Sick Building Syndrome and its Effects on Brooklyn Workers
Sick building syndrome is the phenomenon of individuals becoming ill from unknown chemical, physical, or biological agents present in the buildings where they live and work. It is an occupational hazard that can reduce productivity by contributing to absenteeism within a workplace.
The only specific component to sick building syndrome is that it is caused by elements present in a building. It is not a specific health condition – workers can suffer from exposure to toxic fumes or lead poisoning as forms of sick building syndrome, each of which has unique symptoms and treatment methods. When an individual suffers from sick building syndrome at work, he or she can file a Workers’ Compensation claim.
How Do Construction Workers Develop Sick Building Syndrome?
Construction workers are often more exposed to harmful elements in buildings because when they are working, walls are open and toxic substances are exposed and in use. For example, opening the drywall in a building can expose workers to mold, which can cause respiratory infections.
A few elements that can cause sick building syndrome include:
- Formaldehyde fumes;
- Paint fumes;
- Natural gas fumes;
- Lead; and
- Poor air quality from accumulated dust and debris in air ducts.
Symptoms of Sick Building Syndrome
Because sick building syndrome encompasses numerous conditions, there are no specific symptoms associated with the syndrome. Workers should research the occupational diseases associated with their specific types of work, such as the effects of poor air quality on HVAC workers.
There are no diagnostic tests for sick building syndrome, but the Environmental Protection Agency does have literature available for preventing sick building syndrome. Taking care to reduce exposure to paint fumes, lead, mold, and other potential toxins in a work environment by using appropriate safety gear like surgical masks and eye protection can prevent illness in workers.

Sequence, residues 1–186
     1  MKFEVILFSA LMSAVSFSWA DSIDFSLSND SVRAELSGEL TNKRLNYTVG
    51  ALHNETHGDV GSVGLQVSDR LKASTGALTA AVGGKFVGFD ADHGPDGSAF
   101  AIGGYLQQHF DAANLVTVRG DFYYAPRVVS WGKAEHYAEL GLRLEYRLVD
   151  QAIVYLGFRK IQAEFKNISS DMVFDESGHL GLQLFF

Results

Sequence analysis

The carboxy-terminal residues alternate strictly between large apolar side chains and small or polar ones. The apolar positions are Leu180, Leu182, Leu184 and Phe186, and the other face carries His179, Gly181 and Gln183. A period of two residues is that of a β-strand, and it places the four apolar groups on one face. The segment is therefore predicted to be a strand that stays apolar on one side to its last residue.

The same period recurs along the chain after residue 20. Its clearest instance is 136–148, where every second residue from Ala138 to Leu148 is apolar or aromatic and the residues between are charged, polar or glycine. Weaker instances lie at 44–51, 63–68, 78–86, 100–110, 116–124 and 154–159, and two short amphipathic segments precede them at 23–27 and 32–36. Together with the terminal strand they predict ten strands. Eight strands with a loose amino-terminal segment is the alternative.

What are the Compensation Implications of Contracting this Syndrome?
Workers affected by sick building syndrome can receive Workers’ Compensation. Like other types of occupational illness and workplace injury, workers suffering from sick building syndrome must follow the state requirements for filing a Workers’ Compensation claim in order to have their claims approved. This involves undergoing a medical examination by a doctor associated with the Workers’ Compensation provider and following his or her guidelines for recovery, such as staying out of work for a specified period of time or switching to a position that involves less exposure to the harmful elements temporarily or permanently. When a worker’s illness prevents him or her from returning to work, he or she can apply for permanent disability benefits.
Work with an Experienced Brooklyn Workers’ Compensation Lawyer
If you are suffering from the effects of sick building syndrome because of conditions present in your work environment, you could be entitled to receive a Workers’ Compensation package to cover your medical bills and certain other expenses associated with your illness. To learn more, contact The Robert A. Koenigsberg Law Office today to schedule your initial consultation with an experienced Workers’ Compensation lawyer.